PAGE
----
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Bordeaux 2016: Where’s the ‘relative value’?

The true heir to the great pair of harvests that was 2009 and 2010, the 2016 vintage in Bordeaux has been re-scrutinised by various critics of late but how do their scores stack up with the price of the wines?

Mouton’s 2016 was awarded 100 points by four of the major critics: Neal Martin, Lisa Perrotti-Brown MW, Antonio Galloni and James Suckling

Towards the end of last year Liv-ex ran the numbers to see how the 2016 wines had performed since their en primeur campaign in 2017.

Despite the critical success of the vintage it was a fairly up and down campaign, largely hampered by some questionable decisions over stock retention by many châteaux.

Liv-ex found there had been some pretty hefty appreciation for a number of Left and Right Bank wines while others had drifted somewhat. No great surprise all in all.

In December 2018 The Wine Advocate’s Lisa Perrotti-Brown MW became the first big name critic to review the wines in-bottle and issue some scores.

She dished out eight 100 points and said there was no doubt that the vintage was a “new chapter for great Bordeaux”.

Then the in-bottle scores grew in number. Over at Vinous, both Neal Martin and Antonio Galloni both tucked in but came up with some markedly different results.

Galloni’s scores came first. There were seven 100-point wines and a good clutch of 99-pointers. He said that the, “bottled 2016s capture every bit of potential I sensed when I started tasting the wines from the barrel.”

And overall he said, “the best 2016s are powerful, richly layered, vibrant and stunningly beautiful, not to mention incredibly delicious and alluring. For so many wines and estates, 2016 is an epic vintage.”

Martin, in his last gig for TWA, had called the 2016 vintage “unequivocally great” and also awarded eight wines a potential 100-point spread.

So what did he call the wines when he tasted them more recently? “The dog’s bollocks” (which is a ‘good thing’ for those not used to the English idiom).

Only five wines were given 100-points however, La Mission Haut-Brion and Ausone not quite making the grade but Vieux Château Certan, graded 95-97 originally, actually rose in his estimation to be given a ‘perfect’ score second time around.

James Suckling meanwhile declared the vintage one for “today’s Bordeaux wine lovers”, better than 2000 and 2003, every vintage from the 1990s (except 1990 itself) and with only 2005, 2009, 2010 and 2015 being better (the latter only “by a hair”). Like Perrotti-Brown he awarded eight 100-point scores.

Critically speaking, therefore, the vintage is clearly top trumps. The one wine to get 100-points across all four critics was Mouton Rothschild, with Haut-Brion and Cos d’Estournel getting three out of four.

The only outliers, which were marked topmost by one of the critics but none of the others were: Figeac (Martin), Palmer, Pichon Lalande and Tertre Rotebeouf (Galloni), Cheval Blanc (Perroti-Brown) and Pavie, Le Pin and Lafite (Suckling).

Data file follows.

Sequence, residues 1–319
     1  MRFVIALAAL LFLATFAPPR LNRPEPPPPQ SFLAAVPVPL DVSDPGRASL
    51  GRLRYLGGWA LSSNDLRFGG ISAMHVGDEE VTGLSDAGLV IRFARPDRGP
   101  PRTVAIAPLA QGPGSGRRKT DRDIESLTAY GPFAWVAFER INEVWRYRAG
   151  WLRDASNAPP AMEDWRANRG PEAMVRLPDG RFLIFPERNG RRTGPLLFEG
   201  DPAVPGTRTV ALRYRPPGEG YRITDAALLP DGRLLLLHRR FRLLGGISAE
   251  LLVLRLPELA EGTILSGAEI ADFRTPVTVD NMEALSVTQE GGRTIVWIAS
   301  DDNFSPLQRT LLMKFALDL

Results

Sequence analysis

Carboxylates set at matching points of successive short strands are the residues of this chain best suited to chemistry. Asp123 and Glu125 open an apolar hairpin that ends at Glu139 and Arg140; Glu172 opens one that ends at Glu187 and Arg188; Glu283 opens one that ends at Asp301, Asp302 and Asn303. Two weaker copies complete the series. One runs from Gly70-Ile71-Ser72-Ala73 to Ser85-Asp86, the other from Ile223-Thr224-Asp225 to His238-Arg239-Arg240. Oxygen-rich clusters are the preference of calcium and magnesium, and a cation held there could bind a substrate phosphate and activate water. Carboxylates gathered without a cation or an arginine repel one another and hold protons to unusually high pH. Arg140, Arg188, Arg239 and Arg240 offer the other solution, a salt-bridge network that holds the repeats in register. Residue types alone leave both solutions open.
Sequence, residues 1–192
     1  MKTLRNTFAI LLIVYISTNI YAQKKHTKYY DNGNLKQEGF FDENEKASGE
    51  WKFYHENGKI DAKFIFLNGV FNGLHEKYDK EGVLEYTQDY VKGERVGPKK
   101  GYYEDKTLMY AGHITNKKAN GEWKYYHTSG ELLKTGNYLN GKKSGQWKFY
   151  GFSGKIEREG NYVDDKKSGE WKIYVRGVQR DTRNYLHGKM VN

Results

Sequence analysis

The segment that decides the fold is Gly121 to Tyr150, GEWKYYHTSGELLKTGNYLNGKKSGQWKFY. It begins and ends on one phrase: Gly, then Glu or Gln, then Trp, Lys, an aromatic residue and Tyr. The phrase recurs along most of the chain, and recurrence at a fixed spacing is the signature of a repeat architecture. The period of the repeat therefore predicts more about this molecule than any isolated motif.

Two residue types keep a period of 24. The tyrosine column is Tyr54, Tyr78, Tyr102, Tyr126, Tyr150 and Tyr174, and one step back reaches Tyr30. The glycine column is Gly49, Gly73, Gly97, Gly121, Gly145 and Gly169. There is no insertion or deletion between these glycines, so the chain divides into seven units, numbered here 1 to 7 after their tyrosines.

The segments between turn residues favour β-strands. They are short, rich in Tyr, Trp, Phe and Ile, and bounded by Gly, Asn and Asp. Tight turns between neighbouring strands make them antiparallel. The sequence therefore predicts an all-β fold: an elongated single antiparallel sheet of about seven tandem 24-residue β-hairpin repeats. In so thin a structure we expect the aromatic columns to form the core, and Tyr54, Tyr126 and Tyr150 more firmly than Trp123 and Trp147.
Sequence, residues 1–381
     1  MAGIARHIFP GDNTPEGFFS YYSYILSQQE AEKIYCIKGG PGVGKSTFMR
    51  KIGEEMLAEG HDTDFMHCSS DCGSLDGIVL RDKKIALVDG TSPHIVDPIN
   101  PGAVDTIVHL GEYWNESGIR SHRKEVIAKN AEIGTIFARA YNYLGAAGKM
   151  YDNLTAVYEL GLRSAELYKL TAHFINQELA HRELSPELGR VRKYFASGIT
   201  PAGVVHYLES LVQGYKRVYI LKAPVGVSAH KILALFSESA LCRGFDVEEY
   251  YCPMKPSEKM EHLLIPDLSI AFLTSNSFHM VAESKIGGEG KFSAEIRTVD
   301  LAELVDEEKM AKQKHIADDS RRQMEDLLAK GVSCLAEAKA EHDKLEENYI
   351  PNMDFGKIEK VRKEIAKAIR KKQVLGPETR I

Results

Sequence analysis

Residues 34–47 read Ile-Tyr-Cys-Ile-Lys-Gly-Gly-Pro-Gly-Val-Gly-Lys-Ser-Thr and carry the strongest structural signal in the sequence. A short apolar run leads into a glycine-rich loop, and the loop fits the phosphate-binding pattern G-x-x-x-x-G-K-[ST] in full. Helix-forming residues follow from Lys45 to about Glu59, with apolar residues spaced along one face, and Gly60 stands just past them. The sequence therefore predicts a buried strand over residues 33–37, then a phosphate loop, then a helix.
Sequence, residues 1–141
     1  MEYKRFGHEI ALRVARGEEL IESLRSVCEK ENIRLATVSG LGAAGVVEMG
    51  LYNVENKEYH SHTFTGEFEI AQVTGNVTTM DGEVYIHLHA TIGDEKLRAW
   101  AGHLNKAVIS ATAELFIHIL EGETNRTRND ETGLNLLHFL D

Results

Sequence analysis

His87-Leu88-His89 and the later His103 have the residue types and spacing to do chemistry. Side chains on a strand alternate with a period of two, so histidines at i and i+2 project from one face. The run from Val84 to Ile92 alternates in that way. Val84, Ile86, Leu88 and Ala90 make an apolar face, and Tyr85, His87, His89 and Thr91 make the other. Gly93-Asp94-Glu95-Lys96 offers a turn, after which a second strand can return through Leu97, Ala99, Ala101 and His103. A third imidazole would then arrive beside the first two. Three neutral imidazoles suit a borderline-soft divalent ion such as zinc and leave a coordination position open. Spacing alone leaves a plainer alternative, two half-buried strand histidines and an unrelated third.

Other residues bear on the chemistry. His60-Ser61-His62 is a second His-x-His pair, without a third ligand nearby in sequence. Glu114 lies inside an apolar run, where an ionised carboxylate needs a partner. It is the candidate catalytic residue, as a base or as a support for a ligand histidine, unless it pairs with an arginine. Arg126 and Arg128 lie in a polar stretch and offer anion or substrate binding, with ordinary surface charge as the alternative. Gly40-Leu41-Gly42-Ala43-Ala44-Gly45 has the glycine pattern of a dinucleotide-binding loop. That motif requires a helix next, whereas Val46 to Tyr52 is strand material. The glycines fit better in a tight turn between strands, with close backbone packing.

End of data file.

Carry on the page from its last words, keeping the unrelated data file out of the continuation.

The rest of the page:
Those are the top scores but what about where that leaves the wines stacking up with respect to relative value?

Liv-ex, using the new scores, ran the numbers again and by its metrics although the wines have an average price of just over £3,500 a case, which is the same as the 2015s, they actually have a better average score than that previous vintage.

They also have a slightly better average score than the 2010s and roughly the same as the 2009 (a hair better in fact), both vintages where the average price is over £4,000 a case.

Placing the 2016s into the context of the last 10 years, therefore, Liv-ex said the vintage falls on the right side of what would be considered ‘fair value’.

And what of individual labels, which of those represent the ‘best value’?

Well, happily, according to Liv-ex about two thirds of the big name châteaux fall on the ‘fair’ side of the trend line.

Clinet comes across as offering the best value for money, followed by Margaux the one first growth that none of the major critics awarded 100-points to yet which is hardly slacking with scores such as 98 from Neal Martin.

Mouton Rothschild, with its straight 100s from Martin, Suckling, Galloni and Perrotti-Brown was also considered fair value as were the other top favourites Cos d’Estournel and Haut-Brion.

Vieux Château Certan, another wine that picked up a couple of 100 points and was generally highly ranked, was just over the line which indicates it offers slightly less value.

Yet this is only because it is commanding a comparatively high price given its scores than Mouton or Cos.

Once the market digests these scores and the calls come in to pick up this label or that, it’s highly likely that in a few months time after market activity has pushed a few prices upwards, the likes of Mouton, Cos and others will be joining VCC on the other side of the line.

It’s important to remember however that the notion of a particular label offering more or less value is always relative.

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